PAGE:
Libertarian Party presidential candidate and developer of the first commercial anti-virus program, John McAfee, has been receiving considerable news coverage following his claims that he could hack into the iPhone of San Bernardino gunman Syed Rizwan Farook in half an hour or less.
The McAfee security chief also claims that the FBI can hack into the phone, making its demands to tech giant Apple fraudulent and part of a wider conspiracy to ‘spy’ on the American public. Whilst McAfee has since revised his position – explaining that he drastically simplified the process that would be required to, in his words, “get a s**tload of public attention” – his motives must be questioned given his current political aspirations as well as his differing descriptions of how the iPhone can be hacked, depending which of his interviews you listen to.
On 2 December 2015, 14 people were killed and 22 seriously injured as the result of a terrorist attack that was perpetrated by a married couple of Pakistani descent living in the US – an example of what the FBI describes as “home grown violent extremism”. Being an emotive issue, some have argued that the FBI is using this tragedy to force Apple to create a general back door into their iOS software, enabling the FBI easy access to user’s phones in the future as the hack would have to work on any phone of the same model. It would also create a significant security risk going forward for all iPhone users, as past experiences tell us that it is likely to be a matter of weeks before this hack is available illegally.
Of course, there is no reason that the FBI could not write the software itself. It would seem that there are a number of issues including time, money and the varying degrees of difficulty, depending on whether the user had the ‘auto-erase’ feature enabled, and what problems may have been caused by the County Police Department’s initial attempts to access the data by changing the iCloud password.
Many experts have asked why the FBI has not worked around the ‘auto-erase’ feature by copying the flash memory (including the effaceable storage) before it tries 10 passcode attempts. It could then retry inputting passwords indefinitely until the code is cracked, and restore the flash memory from the backup copy.
To add to all the confusion, NSA whistleblower Edward Snowden has also contributed to the debate, stating that: ‘The FBI says Apple has the “exclusive technical means” to unlock the phone. Respectfully, that’s horse sh*t.’
So back to John McAfee. In interviews he has offered to help the FBI access the data on the iPhone. It’s worth wondering why the FBI aren’t genuinely considering his offer, given that McAfee is a proven expert when it comes to computer software and hacking, and owns a globally recognised anti-virus software company.
He expanded on his method in one interview saying that it would include ‘decapping’ the phone’s processor and acquiring the device’s unique identifier (UID), which may allow someone to access the phone via brute force – by flooding it with options.
However, a pertinent point from McAfee’s comments on the matter is that he is trying to make the American public aware of the overall implications of the creation of a master back door key to iOS, and what that means for the security of iPhones in the future for everyone.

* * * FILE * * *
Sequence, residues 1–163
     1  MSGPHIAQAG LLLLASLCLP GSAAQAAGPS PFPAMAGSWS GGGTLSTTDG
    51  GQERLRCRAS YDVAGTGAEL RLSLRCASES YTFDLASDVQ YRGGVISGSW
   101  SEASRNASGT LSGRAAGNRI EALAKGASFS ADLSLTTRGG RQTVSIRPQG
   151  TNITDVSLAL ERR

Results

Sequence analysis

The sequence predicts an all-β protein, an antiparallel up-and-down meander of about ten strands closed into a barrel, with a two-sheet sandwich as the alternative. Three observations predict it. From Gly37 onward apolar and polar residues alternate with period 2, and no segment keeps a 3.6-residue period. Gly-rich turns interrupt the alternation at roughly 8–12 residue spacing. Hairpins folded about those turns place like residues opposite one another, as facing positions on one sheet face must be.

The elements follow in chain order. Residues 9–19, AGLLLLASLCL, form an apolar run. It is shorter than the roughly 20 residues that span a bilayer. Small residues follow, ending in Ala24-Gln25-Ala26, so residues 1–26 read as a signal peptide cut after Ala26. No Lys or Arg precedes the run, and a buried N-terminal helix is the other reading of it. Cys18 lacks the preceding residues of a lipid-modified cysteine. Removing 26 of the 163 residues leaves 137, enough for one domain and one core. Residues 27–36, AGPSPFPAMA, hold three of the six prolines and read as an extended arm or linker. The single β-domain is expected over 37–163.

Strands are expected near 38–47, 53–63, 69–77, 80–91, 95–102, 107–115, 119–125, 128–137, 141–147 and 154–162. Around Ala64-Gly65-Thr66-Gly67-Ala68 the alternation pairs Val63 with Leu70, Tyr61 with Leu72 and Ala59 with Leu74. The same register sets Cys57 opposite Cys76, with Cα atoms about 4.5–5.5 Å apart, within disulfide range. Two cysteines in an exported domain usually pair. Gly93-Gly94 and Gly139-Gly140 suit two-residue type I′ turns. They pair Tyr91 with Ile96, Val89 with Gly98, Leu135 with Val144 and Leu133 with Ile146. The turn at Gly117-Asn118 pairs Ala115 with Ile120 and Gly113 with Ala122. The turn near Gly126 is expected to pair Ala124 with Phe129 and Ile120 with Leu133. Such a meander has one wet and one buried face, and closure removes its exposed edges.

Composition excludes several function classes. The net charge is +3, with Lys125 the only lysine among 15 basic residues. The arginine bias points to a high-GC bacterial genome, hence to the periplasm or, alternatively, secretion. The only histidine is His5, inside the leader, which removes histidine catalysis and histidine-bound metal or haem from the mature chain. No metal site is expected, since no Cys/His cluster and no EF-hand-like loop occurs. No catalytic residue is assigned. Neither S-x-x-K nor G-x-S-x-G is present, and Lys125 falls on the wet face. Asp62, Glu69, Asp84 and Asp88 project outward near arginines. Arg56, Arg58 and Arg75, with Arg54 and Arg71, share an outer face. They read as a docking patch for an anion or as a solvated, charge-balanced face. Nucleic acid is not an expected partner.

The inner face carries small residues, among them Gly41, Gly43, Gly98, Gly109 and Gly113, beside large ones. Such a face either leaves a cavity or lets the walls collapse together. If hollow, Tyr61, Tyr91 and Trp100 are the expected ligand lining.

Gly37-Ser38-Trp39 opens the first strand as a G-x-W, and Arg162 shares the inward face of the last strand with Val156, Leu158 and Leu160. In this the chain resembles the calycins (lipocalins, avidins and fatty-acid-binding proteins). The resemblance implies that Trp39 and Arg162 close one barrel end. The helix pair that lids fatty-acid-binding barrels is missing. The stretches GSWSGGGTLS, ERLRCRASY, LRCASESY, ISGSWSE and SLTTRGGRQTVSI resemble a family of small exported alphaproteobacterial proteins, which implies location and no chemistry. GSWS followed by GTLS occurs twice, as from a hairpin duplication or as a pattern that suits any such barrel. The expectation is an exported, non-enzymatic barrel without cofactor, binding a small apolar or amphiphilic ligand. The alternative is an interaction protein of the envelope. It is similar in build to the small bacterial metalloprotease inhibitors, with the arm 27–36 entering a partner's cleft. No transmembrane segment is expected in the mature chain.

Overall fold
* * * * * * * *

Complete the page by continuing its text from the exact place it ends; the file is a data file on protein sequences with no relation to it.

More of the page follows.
In an open letter to customers, Apple’s Tim Cook states his position by firstly outlining the importance of encryption and security. He goes on to describe his (and Apple’s) ongoing cooperation with the FBI and how Apple has done everything within its power to assist in the San Bernadino case but is not prepared to create a new version of the iOS software with a back door, circumventing several important security features, as it risks their integrity and puts customer data at future risk.
The outcome of this case is yet to be decided and, as the debate rumbles on with Apple preparing to fight the order and possibly being asked to hand over the source code of the entire operating system to the FBI, the questions still remain:
- Can the FBI already hack into this (and any other) phone? If so, why go to so much trouble to get Apple to develop a back door into their iOS?
- And, if they do get this capability from Apple, what does this mean for the future of phone encryption?
As with any other technology, encryption software and techniques evolve. Responding to the latest security threat, developers must be continually aware of what’s going on in the wider online community to enable them to stay one step ahead of potential hackers, online threats and government surveillance. But, as is always the case, the best developers manage to do this.
This is the case with the developers here at Cryptique, who are constantly updating and evolving the Pryvate™ app. Pryvate uses the most secure encryption software currently on the market and secures all daily digital communications including voice, IM and email. It achieves end-to-end encryption by using unique encryption keys that are generated for each individual communication, so there is no middle man, and no data is ever stored. This makes it impossible to hack, leak or give away data. We closely follow worldwide events to ensure that we stay ahead of any potential threats to our software or industry as a whole. When you are using the Pryvate™ app you can be sure that every aspect of your communications is covered.